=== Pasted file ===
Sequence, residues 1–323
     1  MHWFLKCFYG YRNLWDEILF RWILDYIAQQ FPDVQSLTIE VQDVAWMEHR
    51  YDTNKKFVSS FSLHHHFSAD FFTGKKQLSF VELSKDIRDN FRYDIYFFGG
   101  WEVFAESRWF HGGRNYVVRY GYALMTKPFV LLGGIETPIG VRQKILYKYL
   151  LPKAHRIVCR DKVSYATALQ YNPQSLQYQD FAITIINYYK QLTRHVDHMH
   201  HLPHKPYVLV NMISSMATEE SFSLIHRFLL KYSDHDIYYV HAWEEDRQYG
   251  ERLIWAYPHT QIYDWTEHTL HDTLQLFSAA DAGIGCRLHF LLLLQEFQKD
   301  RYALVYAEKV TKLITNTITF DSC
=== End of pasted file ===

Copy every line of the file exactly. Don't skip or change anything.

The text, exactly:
Sequence, residues 1–323
     1  MHWFLKCFYG YRNLWDEILF RWILDYIAQQ FPDVQSLTIE VQDVAWMEHR
    51  YDTNKKFVSS FSLHHHFSAD FFTGKKQLSF VELSKDIRDN FRYDIYFFGG
   101  WEVFAESRWF HGGRNYVVRY GYALMTKPFV LLGGIETPIG VRQKILYKYL
   151  LPKAHRIVCR DKVSYATALQ YNPQSLQYQD FAITIINYYK QLTRHVDHMH
   201  HLPHKPYVLV NMISSMATEE SFSLIHRFLL KYSDHDIYYV HAWEEDRQYG
   251  ERLIWAYPHT QIYDWTEHTL HDTLQLFSAA DAGIGCRLHF LLLLQEFQKD
   301  RYALVYAEKV TKLITNTITF DSC